Retaining customers has a cost too. Customer churn occurs when customers take their business elsewhere. The naïve reaction is to retain all existing customers as long as the retention costs are less than the CLV. Well, maybe. In the past a low churn rate was the goal. Today, that is changing and businesses are considering intangibles like on-going support for deprecated products and the expectation of on-going discounts in their decisions to “fire their customer”. Likewise, some customer segments will always be “one-time buyers”. If these customers generate razor-thin margins, wouldn’t it be better to allow them to churn if we can replace them with customers with higher CLVs?
Here’s the thing, there is no standard, generally-recognized calculation for CLV. It will be different for every industry and every business, based on the weightings that are important to them. Similarly, the calculation can change over time as you learn new things about your business model and customer mix.
To be fully transparent, most CRMs will provide you with “their” CLV calculation. Be skeptical. Their formula is usually opaque. They market it as “value-added AI” as an up-sell. CLV shouldn’t be a black box AI model. You need visibility to tweak it. Next, a good CLV will take a lot of (if available) behavioral data into consideration. Your CRM won’t have access to that data. Remember that the more data YOU can gather about your customers will aid in not just a better CLV metric, but a better understanding of your customers.
It’s always best to start out with a simple CLV calculation using the “historical sales” approach (using our existing data as our guide). No need to boil the ocean. It starts with revenue estimation. Here’s the process:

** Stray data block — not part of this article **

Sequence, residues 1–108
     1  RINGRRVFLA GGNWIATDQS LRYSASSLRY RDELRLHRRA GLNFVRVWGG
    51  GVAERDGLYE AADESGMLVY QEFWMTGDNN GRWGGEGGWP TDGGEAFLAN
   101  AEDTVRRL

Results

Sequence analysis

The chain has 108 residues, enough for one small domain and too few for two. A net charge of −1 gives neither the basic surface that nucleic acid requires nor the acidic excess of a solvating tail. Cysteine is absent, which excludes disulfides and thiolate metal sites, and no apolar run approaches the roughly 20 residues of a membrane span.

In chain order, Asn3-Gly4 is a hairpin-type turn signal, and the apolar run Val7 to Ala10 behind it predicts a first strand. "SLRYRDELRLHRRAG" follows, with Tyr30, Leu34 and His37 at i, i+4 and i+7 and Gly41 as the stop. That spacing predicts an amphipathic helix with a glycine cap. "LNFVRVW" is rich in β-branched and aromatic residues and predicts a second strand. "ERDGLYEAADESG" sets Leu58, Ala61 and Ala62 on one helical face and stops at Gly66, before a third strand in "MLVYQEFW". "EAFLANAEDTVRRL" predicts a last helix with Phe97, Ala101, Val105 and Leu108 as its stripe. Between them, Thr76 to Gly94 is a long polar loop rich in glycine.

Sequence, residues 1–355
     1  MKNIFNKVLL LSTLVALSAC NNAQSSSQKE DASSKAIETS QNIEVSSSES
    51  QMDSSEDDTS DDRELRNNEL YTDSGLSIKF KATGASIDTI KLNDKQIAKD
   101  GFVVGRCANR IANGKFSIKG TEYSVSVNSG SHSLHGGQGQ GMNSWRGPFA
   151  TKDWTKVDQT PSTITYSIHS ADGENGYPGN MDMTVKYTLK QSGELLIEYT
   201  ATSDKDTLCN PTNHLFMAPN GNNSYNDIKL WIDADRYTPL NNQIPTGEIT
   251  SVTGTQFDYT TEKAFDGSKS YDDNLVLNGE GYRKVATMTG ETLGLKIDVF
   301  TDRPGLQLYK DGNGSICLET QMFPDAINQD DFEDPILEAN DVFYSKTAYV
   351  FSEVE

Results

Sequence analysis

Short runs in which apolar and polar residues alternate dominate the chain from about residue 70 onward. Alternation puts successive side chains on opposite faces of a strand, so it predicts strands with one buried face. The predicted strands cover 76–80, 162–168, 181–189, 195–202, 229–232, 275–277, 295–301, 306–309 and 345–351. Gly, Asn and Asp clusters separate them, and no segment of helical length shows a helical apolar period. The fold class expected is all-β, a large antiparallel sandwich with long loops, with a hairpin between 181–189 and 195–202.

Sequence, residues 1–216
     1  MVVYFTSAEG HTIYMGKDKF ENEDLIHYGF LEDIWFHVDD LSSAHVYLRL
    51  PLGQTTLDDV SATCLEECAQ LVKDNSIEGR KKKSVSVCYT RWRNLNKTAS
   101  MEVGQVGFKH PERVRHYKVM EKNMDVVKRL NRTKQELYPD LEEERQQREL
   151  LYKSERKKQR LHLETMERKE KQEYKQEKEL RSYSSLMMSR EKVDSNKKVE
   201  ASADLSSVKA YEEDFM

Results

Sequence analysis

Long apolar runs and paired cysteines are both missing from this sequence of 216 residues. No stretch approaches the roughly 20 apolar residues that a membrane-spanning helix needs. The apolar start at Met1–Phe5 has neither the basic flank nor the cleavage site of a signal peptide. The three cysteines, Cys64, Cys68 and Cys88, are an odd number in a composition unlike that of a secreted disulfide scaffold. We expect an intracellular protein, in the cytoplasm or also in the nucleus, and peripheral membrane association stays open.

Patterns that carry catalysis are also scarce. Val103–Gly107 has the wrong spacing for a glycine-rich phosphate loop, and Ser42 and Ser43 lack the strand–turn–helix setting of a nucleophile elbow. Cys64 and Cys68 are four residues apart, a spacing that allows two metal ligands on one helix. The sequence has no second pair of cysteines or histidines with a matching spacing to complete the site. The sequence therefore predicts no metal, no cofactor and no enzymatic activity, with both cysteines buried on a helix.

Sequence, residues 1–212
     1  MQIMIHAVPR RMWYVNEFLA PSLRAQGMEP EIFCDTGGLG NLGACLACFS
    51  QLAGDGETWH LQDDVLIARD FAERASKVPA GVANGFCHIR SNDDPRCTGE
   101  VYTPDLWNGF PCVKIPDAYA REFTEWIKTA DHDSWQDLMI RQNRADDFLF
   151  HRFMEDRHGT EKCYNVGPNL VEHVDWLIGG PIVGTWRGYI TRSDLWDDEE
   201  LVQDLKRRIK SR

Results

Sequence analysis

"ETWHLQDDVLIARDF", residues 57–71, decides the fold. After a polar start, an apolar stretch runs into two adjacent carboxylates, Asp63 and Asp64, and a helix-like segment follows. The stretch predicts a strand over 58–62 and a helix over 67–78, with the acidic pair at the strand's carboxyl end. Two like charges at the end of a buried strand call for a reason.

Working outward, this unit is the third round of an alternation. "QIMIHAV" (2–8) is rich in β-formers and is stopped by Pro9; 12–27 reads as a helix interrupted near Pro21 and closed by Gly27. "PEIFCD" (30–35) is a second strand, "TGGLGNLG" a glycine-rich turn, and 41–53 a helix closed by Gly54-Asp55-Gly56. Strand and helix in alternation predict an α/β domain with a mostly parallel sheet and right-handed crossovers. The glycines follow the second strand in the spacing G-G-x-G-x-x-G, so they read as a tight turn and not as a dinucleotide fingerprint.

All of the above numbers we can gather from our existing sales databases and apply some simple math. Nothing controversial.
Now it starts to get a little qualitative.
Let’s look at an example: Let’s say you run a convenience store and we want to determine the CLV for our morning commuters. Feel free to adjust my assumptions:
That’s the basics.
Now we need to get more advanced in our calculations.
First, segment your customers. Instead of averaging all of your customer’s together to determine revenue per purchase, try segmenting your customers. I’ll cover customer segmentation in another article but let’s just say that segmenting your customers is often a qualitative endeavor. Each “cohort” is designed based on what you think is important. Does gender affect purchasing decisions? If so, that would be a cohort. Or you could segment by geography, avg revenue size, transaction date…basically, whatever you think makes up a good cohort. This is where we can begin to really customize CLV for our purposes.
Second, determine the profit margin. Should you be basing CLV on revenue (sales income BEFORE expenses…aka the top line) or profit (income after expenses…aka the bottom line)? Some companies want to see CLV based on revenue, some on profits. There are pros and cons to each. Revenue-based CLV isn’t affected by changes in costs. If you decide you want a profit-based CLV then just determine your profit margin and multiply the existing CLV by it.
In theory, without factoring in the profit margin we have really just calculated CLR (customer lifetime revenue). The “value” in “CLV” really should be factoring in costs at this point, but everyone has a different opinion on this.